That's already pretty broad!

For the standard which seems to apply to "test" signals, we find:

(8) A RTTY or data emission having designators with A, B, C, D, E, F, G, H, J or R as the first symbol; 1, 2, 7, 9 or X as the second symbol; and D or W as the third symbol is also authorized.

To understand this paragraph we actually have to jump out of Part 97 and in to Part 2 of the FCC's 47 CFR to learn their definitions of "Emission, modulation and transmission characteristics". If you do so, you'll find that there's not much that all those letters and numbers leave out. (For the life of me I can't figure out what the "E" modulation type is, but the others cover AM/SSB/FM/PM for any sort of baseband signal for any sort information….)

Note that this paragraph (8) standard is much broader definition than the overall "test" definition above, in that the third symbol is pretty much a wildcard, rather than the "no information" N symbol that test emissions in general are restricted to.

Covering that general case, §97.305(b) says:

A station may transmit a test emission on any frequency authorized to the control operator for brief periods for experimental purposes, except that no pulse modulation emission may be transmitted on any frequency where pulse is not specifically authorized and no SS modulation emission may be transmitted on any frequency where SS is not specifically authorized.

To re-summarize the deep-dive above, I think the distinction is that:

  • You can perform brief tests carrying no information, anywhere. (I would expect that combination of "good amateur practice" with the "no information" designation means one wouldn't ever splatter a fat AM/FM "test" signal over a CW-only portion of a band.)
  • You have relatively broad leeway in many "data" portions of authorized bands to experiment with new modes and protocols. (Some restrictions may apply, see store for details, void in Quebec, etc. etc.)
  • At 51.0 MHz and above, you have almost /carte blanche/ as far as permitted signal types for this broader class of "paragraph 8" emissions within the ham allocations, subject in the VHF bands to the bandwidth limitations of 97.307(f)2, and only to common decency in the UHF bands (by §97.307(a)) as far as I can tell.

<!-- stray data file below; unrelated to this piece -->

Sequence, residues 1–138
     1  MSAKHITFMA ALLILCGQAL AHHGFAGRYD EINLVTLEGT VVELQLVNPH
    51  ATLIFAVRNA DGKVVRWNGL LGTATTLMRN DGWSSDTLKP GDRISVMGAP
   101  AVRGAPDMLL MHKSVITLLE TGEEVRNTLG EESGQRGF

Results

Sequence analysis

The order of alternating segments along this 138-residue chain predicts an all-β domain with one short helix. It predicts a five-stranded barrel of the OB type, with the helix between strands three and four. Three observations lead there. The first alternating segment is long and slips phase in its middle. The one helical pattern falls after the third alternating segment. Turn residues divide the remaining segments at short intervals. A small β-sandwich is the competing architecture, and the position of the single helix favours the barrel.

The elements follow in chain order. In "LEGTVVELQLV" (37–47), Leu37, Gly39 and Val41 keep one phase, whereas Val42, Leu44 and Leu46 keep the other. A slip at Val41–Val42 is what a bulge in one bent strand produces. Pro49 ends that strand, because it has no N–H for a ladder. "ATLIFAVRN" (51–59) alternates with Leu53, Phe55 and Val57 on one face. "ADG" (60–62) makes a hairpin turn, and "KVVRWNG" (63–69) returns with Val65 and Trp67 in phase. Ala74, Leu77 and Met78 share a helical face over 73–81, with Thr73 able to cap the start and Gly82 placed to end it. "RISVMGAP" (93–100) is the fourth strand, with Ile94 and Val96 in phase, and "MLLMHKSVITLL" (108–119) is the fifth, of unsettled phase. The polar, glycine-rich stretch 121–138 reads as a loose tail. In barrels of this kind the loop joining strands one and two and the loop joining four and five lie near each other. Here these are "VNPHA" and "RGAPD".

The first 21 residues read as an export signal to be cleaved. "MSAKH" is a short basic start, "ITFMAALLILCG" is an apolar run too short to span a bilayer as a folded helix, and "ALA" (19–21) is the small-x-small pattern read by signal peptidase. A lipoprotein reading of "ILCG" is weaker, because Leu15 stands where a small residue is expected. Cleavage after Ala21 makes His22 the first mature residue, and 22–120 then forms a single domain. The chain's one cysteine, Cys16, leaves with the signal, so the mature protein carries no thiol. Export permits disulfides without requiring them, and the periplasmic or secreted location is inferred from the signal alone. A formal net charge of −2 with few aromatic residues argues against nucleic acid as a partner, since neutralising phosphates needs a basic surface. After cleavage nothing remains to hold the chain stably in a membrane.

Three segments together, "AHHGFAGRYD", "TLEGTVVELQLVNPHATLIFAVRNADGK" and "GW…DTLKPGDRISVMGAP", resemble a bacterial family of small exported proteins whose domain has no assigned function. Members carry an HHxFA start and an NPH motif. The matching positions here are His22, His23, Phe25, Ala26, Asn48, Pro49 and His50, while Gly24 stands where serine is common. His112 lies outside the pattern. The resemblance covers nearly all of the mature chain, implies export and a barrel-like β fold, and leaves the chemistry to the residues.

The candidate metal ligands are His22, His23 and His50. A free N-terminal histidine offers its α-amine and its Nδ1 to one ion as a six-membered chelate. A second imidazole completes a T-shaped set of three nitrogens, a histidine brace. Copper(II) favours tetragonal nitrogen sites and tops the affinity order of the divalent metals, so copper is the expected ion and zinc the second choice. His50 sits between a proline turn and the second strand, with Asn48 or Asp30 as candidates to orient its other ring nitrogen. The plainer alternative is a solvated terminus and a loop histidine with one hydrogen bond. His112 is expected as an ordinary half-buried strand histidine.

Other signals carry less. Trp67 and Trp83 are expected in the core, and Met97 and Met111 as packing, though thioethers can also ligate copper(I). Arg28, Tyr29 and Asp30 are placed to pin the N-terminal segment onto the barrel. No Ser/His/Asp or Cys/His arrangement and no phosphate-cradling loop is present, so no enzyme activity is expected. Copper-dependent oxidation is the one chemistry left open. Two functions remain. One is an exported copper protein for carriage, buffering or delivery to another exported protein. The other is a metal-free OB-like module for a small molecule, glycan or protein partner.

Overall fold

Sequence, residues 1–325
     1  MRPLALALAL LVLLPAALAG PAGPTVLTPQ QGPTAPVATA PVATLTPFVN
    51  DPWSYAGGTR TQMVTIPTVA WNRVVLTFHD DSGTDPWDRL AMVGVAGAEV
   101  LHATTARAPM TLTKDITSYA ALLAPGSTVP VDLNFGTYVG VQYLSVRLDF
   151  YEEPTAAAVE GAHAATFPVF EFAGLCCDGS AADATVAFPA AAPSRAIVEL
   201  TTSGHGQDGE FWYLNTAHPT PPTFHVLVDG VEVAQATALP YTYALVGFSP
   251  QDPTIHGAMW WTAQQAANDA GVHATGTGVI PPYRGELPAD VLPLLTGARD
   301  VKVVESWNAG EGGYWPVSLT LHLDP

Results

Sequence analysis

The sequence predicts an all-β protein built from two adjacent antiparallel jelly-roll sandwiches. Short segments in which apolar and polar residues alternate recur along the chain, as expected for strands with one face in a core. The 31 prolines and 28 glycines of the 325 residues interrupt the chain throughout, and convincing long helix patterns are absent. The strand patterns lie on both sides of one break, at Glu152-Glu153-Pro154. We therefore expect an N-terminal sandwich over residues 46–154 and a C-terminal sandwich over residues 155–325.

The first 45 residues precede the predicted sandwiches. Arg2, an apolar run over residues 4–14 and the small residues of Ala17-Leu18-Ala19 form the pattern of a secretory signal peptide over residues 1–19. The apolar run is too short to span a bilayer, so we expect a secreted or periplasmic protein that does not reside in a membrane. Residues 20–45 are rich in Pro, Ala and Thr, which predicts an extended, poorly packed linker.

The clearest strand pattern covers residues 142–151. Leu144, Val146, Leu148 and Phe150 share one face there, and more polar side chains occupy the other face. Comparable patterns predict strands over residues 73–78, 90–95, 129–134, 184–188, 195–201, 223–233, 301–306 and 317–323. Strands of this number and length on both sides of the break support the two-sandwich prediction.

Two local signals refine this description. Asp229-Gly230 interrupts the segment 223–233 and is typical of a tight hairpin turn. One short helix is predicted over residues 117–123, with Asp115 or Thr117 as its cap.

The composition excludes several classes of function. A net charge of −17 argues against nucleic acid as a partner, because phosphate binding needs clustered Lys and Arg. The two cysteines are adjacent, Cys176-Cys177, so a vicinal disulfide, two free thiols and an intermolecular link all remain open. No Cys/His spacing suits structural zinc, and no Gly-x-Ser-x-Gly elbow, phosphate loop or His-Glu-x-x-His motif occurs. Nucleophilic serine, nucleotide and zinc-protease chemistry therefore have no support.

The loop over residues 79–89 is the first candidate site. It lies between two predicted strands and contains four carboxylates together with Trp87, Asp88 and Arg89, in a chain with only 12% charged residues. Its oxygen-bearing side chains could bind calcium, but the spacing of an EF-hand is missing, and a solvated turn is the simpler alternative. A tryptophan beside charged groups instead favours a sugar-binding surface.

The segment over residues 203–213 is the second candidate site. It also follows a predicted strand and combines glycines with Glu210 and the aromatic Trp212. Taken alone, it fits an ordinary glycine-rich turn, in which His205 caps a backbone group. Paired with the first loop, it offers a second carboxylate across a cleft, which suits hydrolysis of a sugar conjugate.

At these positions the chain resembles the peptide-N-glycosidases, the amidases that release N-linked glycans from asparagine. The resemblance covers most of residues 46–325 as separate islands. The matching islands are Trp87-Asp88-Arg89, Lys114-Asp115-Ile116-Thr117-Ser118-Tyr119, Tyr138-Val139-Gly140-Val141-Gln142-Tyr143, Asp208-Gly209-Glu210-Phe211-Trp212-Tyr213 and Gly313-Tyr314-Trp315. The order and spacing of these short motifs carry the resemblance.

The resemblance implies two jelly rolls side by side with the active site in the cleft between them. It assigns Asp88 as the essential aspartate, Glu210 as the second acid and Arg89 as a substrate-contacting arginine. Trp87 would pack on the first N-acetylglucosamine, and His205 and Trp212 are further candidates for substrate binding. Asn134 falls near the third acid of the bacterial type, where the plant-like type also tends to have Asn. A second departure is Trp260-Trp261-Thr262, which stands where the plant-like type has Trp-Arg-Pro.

*You might wonder why the the 50–50.1 MHz portion of the 6m allocation is missing from the §97.305 chart. I believe this is covered instead by the table in §97.301 revealing the 6m allocation as the full 50–54 MHz (in ITU regions 2 and 3 at least), coupled with §97.305(a) which states:

Except as specified elsewhere in this part, an amateur station may transmit a CW emission on any frequency authorized to the control operator.

(Or, having read through this entire answer, you might have lost all sense of wonder, entirely ;-)

  • $\begingroup$ Wow, that answer deserves some sort of award for thoroughness :) $\endgroup$
    – rclocher3
    Dec 21, 2016 at 17:48
  • 3
    $\begingroup$ You know you've gotten yourself in too deep, when you start asking new questions about obscure parts of an answer which you didn't really want to research in the first place :-P $\endgroup$ Dec 21, 2016 at 18:00

Building on that previous answer,

My answer is:

All test transmissions are covered under Sec. 97.119 Station identification:

(a) Each amateur station, except a space station or telecommand station, must transmit its assigned call sign on its transmitting channel at the end of each communication, and at least every 10 minutes during a communication, for the purpose of clearly making the source of the transmissions from the station known to those receiving the transmissions. No station may transmit unidentified communications or signals, or transmit as the station call sign, any call sign not authorized to the station.

Test transmissions must not cause interference, of course, and may be for purposes of tuning new equipment or verifying a propagation path.

No matter the purpose, this section is very strictly applied to all amateur emissions.